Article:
Tim Hardaway

Timothy Duane Hardaway Sr. (born September 1, 1966) is an American retired basketball player, currently serving as an assistant coach for the Detroit Pistons of the National Basketball Association (NBA). Standing at six feet (1.83 m) tall, he was best known for his crossover dribble which was dubbed the “UTEP Two-step” by television analysts. He is the father of current NBA player Tim Hardaway Jr. of the Atlanta Hawks.

In his rookie season, Hardaway wore number “5”, as Manute Bol wore Hardaway’s “10”. After Bol left the Warriors, Hardaway inherited it. Hardaway, Mitch Richmond, and Chris Mullin formed “Run TMC” (the initials of the players’ first names and a play on the name of the popular rap group Run DMC). As part of the Warriors’ attack, Hardaway was responsible for leading Run TMC’s fast break, displaying his excellent passing and one-on-one skills to complement Richmond’s slashing and Mullin’s shooting. Golden State made the playoffs during the 1990–1991 season, Hardaway’s second season and his first season in the playoffs. In the first round, the 7th seeded Warriors defeated the 2nd seeded San Antonio Spurs led by All-Star David Robinson in 4 games to advance to face the 3rd seeded Los Angeles Lakers led by NBA legend Magic Johnson. The Warriors managed to steal a game on the road in game 2, but could not defeat the more experienced Lakers, falling in 5 games despite Hardaway averaging 26.8 points, 12.8 assists and 3.8 steals for the series.

Hardaway averaged a career high 23.4 points a game in the 1991–1992 season, as the Warriors fell in the first round of the playoffs to the Seattle SuperSonics. The following season Hardaway averaged a career high 10.6 assists a game to get with his scoring average of 21.5, but the Warriors did not make the playoffs and would not return to postseason action for the remainder of Hardaway’s tenure with the team. As a Warrior, Hardaway made the NBA All-Star Game three straight years, and a knee injury kept him out of the entire 1993–1994 season. He reached 5,000 points and 2,500 assists faster than any other NBA player except Oscar Robertson. Hardaway played for the Warriors until the middle of 1995–96 season when he was traded to the Miami Heat along with Chris Gatling in exchange for Kevin Willis and Bimbo Coles.

Following the midseason trade to Miami, Hardaway started 28 games to finish the season, averaging 17.2 points a game with 10 assists. Miami made the playoffs but were swept in the first round by the 72 win Chicago Bulls. The following season was a huge success for Miami and for Hardaway, as he finished 4th in voting for the NBA Most Valuable Player Award, was selected to the All-NBA First Team as Miami won a franchise record 61 wins. Hardaway started in 81 games, averaging 20.3 points, 8.6 assists, while placing fourth in the league with 203 three-point baskets. He also played in the 1997 NBA All-Star Game, scoring 10 points in 14 minutes. In the playoffs, Hardaway averaged 26 points a game as the Heat defeated the Orlando Magic in the first round in 5 games, and then defeated the New York Knicks in 7 games in the semifinals, in which Hardaway scored 38 points in the 7th game. Miami would once again fall to the defending champion Chicago Bulls in the Eastern Conference Finals in 5 games.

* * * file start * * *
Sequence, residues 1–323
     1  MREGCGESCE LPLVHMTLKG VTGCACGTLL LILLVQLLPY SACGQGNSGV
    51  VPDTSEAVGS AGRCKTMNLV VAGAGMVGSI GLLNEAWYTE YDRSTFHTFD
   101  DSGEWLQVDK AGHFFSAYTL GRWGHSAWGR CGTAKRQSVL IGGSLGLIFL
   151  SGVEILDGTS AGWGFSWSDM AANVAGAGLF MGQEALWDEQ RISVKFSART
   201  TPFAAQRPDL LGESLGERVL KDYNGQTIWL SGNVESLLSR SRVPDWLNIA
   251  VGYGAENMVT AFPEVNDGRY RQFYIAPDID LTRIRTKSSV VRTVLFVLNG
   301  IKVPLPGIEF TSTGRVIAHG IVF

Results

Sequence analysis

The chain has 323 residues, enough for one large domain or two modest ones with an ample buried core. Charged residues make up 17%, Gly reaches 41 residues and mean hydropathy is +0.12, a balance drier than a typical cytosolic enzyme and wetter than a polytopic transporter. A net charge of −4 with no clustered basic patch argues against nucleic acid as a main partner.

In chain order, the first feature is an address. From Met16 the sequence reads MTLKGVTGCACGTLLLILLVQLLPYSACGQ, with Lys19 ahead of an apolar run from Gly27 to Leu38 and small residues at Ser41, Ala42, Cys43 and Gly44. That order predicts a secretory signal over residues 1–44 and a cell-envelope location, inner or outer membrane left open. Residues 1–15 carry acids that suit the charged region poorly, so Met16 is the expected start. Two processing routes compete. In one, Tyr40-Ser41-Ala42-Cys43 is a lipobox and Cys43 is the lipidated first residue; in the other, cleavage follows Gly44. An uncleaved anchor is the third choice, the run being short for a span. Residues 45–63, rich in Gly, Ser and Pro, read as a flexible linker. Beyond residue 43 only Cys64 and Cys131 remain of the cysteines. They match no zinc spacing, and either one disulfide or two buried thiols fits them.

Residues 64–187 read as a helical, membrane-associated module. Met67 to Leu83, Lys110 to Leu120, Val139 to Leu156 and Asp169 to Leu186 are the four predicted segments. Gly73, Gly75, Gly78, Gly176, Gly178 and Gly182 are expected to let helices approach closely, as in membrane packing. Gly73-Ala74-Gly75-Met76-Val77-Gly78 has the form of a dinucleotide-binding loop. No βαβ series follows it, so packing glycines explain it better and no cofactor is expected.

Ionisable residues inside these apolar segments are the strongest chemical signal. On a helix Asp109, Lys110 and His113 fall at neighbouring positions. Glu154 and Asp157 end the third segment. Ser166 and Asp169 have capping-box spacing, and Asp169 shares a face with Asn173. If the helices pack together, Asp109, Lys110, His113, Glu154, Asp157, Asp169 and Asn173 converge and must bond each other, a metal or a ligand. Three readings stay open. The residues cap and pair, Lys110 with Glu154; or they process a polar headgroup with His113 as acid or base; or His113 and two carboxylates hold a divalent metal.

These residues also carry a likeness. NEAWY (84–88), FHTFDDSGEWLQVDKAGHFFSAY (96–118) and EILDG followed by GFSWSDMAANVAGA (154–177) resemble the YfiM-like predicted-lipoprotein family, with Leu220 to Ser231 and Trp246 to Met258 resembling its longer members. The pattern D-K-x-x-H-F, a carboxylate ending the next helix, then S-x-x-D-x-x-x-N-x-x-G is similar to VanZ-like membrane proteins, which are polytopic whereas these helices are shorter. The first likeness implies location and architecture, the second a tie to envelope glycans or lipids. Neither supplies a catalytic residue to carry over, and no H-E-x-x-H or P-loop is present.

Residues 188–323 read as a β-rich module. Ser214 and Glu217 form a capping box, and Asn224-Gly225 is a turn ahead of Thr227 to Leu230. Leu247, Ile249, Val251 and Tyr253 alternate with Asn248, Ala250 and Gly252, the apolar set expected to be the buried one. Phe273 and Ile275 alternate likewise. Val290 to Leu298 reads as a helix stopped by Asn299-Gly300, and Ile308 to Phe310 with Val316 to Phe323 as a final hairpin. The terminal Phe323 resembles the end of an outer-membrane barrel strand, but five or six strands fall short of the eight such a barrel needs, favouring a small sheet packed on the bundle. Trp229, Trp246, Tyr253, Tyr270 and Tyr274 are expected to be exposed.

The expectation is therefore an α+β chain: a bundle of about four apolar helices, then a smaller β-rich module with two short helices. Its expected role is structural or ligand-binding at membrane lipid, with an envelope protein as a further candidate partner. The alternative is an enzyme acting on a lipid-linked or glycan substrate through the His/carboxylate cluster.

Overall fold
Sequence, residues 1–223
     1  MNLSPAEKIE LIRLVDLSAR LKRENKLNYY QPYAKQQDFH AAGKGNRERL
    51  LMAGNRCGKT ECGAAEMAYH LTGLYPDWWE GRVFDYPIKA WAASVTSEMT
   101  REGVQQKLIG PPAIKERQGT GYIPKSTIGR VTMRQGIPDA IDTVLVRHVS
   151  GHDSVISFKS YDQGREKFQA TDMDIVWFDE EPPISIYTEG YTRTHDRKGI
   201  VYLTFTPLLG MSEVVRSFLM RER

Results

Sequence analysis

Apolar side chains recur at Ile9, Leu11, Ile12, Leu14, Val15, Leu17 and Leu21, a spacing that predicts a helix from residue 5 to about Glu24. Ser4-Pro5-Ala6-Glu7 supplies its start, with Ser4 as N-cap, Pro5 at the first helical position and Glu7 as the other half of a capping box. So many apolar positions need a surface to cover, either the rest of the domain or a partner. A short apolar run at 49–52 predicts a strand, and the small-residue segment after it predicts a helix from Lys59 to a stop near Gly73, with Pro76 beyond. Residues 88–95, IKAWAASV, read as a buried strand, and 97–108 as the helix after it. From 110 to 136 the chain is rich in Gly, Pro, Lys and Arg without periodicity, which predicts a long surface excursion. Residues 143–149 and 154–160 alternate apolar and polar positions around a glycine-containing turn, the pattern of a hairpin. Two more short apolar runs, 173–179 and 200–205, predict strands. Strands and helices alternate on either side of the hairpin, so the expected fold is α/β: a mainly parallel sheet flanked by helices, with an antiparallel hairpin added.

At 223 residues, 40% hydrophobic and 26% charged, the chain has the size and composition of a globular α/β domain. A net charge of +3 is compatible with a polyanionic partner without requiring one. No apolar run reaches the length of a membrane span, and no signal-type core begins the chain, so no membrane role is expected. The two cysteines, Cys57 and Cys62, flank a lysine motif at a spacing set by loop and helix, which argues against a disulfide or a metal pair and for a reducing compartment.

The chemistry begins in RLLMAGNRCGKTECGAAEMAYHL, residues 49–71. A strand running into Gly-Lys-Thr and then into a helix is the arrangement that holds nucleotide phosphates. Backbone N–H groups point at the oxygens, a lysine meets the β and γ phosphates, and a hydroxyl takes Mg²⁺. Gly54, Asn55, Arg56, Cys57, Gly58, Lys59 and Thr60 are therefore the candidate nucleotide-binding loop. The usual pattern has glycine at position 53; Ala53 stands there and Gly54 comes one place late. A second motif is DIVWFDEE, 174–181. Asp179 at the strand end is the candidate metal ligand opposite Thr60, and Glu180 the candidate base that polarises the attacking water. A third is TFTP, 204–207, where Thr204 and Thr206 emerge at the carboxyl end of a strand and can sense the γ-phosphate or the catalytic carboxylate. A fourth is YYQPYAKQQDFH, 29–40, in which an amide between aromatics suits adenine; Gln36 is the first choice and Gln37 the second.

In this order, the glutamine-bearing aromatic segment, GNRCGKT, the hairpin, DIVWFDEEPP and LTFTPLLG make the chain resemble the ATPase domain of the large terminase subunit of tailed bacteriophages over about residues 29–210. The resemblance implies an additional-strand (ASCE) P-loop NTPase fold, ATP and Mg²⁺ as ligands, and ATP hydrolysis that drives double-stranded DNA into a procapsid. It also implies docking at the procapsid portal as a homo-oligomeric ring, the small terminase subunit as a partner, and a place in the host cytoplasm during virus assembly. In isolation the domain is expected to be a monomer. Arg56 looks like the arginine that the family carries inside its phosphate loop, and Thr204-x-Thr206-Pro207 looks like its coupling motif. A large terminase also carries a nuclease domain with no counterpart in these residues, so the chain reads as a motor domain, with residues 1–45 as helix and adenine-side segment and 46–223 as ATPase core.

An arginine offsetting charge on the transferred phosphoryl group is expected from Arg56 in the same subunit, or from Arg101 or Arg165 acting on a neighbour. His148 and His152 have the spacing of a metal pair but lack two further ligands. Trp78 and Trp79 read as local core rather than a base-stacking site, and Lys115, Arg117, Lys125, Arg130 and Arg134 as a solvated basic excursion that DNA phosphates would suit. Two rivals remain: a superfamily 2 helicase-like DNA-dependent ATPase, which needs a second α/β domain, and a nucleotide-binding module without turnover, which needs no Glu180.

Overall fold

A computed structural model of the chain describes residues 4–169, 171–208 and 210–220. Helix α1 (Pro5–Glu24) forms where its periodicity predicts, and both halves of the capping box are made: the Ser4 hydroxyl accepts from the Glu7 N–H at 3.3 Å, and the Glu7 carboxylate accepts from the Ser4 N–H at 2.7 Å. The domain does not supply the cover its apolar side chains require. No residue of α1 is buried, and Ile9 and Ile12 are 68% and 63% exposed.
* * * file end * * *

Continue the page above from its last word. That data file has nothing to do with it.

Following the 2001 season, and with his skills declining with age, Hardaway was traded to the Dallas Mavericks on August 22, 2001, for a second-round draft pick. He was at one time Miami’s all-time leader in assists. With Dallas, Hardaway was mainly utilized off the bench, starting only two games out of 54 and averaging almost ten points a game. In the middle of the season, he was traded to the Denver Nuggets in exchange for controversial point guard Nick Van Exel.

Hardaway was traded to the Denver Nuggets in exchange for controversial point guard Nick Van Exel. With the Nuggets he started all fourteen games he played with them before retiring and becoming a basketball analyst for ESPN. While playing for the Nuggets, Hardaway was suspended for two games and fined $10,000 by the league when he threw a television monitor onto the court.

On March 27, 2003, Hardaway signed a contract with the Indiana Pacers, and in his first game registered a season-high fourteen points and seven assists against the Chicago Bulls. By the end of his career, Hardaway competed in five NBA All-Star Games.

On August 7, 2014, it was announced that Hardaway was named an assistant coach for the Detroit Pistons.

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Career highlights and awards
5× NBA All-Star (1991–1993, 1997, 1998)
All-NBA First Team (1997)
3× All-NBA Second Team (1992, 1998, 1999)
All-NBA Third Team (1993)
NBA All-Rookie First Team (1990)
No. 10 retired by Miami Heat
WAC Player of the Year (1989)
First-team All-WAC (1989)
No. 10 retired by UTEP
Career NBA statistics
Points 15,173 (17.3 ppg)
Assists 7,095 (8.2 apg)
Steals 1,428 (1.6 spg)

Olympic Games
Gold medal – first place 2000 Sydney Team competition

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